British Prime Minister Boris Johnson backed his senior adviser Dominic Cummings on Sunday (May 24), despite calls from within his own Conservative Party for the aide to resign for traveling 400km during the coronavirus lockdown.
Cummings, who masterminded the 2016 campaign to leave the European Union, came under pressure when newspapers reported he had travelled from London to Durham in late March, when Britain was under a strict lockdown to combat the coronavirus outbreak.
Johnson’s office said Cummings made the journey to ensure his 4-year-old son could be properly cared for by relatives if he too fell ill.
The journey took place at a time when millions of Britons were staying inside and foregoing contacts with friends and relatives. The government’s order at the time was everyone in a household where anyone had symptoms must not leave home.
With Johnson’s words that he had acted with integrity, Cummings was safe. But the row within the governing Conservatives looked set to ripple on, with those who called for the senior aide’s resignation expected to be marginalized.
The newspapers have since reported that Cummings was seen in northern England on other occasions. The government has denied this.
A number of cabinet ministers and the attorney general have said that the journey was justified. (Reuters)
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Prime Minister Boris Johnson ordered Huawei equipment to be purged completely from Britain’s 5G network by 2027, risking the ire of China by signaling that the world’s biggest telecoms equipment maker is no longer welcome in the West.
The seven-year lag will please British telecoms operators such as BT, Vodafone and Three, which had feared they would be forced to spend billions of pounds to rip out Huawei equipment much faster. But it will delay the roll out of 5G.
The decision was announced in parliament on Tuesday (July 14) by Johnson’s Digital, Culture, Media and Sport Secretary, Oliver Dowden.
Dowden also confirmed Britain’s National Security Council (NSC), chaired by Johnson, has decided to ban the purchase 5G components from the end of this year.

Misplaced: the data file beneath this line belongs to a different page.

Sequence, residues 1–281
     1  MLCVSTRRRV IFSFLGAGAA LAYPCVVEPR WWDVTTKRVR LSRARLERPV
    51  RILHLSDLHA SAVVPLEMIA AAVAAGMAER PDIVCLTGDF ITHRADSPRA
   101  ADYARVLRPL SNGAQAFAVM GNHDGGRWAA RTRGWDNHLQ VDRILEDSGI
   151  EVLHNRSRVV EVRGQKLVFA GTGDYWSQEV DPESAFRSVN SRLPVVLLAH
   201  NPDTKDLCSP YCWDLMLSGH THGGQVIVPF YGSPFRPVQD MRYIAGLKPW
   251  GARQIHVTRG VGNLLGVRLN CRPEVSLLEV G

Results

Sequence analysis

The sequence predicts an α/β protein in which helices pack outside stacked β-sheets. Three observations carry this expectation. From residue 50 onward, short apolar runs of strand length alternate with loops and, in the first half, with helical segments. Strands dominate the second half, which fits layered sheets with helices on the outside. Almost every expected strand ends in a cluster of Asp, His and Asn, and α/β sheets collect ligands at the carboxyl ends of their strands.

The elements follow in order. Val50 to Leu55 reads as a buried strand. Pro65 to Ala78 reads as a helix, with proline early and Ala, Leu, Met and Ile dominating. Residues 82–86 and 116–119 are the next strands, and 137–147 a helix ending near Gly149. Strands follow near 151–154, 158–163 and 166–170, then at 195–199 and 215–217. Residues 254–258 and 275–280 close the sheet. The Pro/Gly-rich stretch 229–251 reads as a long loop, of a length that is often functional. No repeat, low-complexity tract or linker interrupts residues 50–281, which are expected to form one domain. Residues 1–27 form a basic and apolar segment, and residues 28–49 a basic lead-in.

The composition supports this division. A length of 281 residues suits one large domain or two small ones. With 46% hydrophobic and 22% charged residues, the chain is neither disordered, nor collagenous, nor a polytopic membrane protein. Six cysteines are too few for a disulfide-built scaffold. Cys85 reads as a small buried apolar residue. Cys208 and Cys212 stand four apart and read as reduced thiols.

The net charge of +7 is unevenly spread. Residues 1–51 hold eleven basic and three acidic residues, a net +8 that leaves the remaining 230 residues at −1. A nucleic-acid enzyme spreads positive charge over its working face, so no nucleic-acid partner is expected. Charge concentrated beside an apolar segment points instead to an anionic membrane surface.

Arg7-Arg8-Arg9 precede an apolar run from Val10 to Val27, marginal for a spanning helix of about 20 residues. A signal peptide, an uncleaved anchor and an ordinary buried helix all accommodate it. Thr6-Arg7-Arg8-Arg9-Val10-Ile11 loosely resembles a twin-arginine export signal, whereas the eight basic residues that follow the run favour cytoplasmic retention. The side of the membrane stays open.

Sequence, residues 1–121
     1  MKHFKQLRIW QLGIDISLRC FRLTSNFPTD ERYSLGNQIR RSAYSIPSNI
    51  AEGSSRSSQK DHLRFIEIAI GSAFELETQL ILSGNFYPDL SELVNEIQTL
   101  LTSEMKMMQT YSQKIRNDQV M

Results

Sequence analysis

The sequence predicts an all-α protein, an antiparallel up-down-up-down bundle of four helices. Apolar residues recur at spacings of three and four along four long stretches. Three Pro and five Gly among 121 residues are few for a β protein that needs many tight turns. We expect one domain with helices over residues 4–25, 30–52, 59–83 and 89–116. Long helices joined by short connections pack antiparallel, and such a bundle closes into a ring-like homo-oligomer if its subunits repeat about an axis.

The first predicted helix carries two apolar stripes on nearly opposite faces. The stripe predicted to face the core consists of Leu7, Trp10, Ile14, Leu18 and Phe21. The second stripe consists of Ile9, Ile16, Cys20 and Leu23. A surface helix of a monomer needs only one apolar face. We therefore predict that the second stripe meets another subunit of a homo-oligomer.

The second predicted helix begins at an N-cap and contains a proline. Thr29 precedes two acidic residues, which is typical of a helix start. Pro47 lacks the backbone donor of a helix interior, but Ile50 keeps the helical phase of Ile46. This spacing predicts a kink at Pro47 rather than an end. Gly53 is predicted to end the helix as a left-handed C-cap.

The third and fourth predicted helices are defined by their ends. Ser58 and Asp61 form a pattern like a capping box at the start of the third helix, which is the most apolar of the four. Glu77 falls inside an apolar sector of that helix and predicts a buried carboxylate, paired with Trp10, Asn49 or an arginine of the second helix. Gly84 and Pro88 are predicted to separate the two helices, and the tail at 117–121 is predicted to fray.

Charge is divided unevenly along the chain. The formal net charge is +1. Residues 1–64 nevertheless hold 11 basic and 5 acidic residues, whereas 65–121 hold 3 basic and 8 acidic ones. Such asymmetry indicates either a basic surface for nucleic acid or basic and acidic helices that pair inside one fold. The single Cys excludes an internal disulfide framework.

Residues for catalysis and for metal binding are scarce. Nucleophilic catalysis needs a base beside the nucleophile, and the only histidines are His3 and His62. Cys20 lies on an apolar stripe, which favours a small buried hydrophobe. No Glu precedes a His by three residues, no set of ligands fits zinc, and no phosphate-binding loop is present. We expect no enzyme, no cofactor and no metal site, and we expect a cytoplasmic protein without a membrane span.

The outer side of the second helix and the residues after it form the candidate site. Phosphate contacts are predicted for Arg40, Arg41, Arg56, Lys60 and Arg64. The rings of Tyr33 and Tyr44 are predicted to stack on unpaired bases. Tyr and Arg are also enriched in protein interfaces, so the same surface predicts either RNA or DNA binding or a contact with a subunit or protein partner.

The United States had long pushed Johnson to reverse a decision he made in January to grant Huawei a limited role in 5G.
London has also been dismayed by a crackdown in Hong Kong and the perception China did not tell the whole truth over the coronavirus.
The cyber arm of Britain’s GCHQ eavesdropping agency, the National Cyber Security Centre, told ministers it could no longer guarantee the stable supply of Huawei gear after the United States imposed new sanctions on chip technology.
Telecoms companies will also be told to stop using Huawei in fixed-line fibre broadband within the next two years.
Dowden said the UK would be on an “irreversible path” for the complete removal of Huawei equipment from its 5G networks by the time of the next general election, currently scheduled for 2024.
Chi Onwurah of the opposition Labour party told lawmakers the government had been “incomprehensibly negligent” with its approach to 5G, Huawei and national security until making the decision, describing the situation as an economic “car crash” that “could have been visible from outer space.”
With faster data and increased capacity, 5G will become the nervous system of the future economy – carrying data on everything from global financial flows to critical infrastructure such as energy, defence and transport.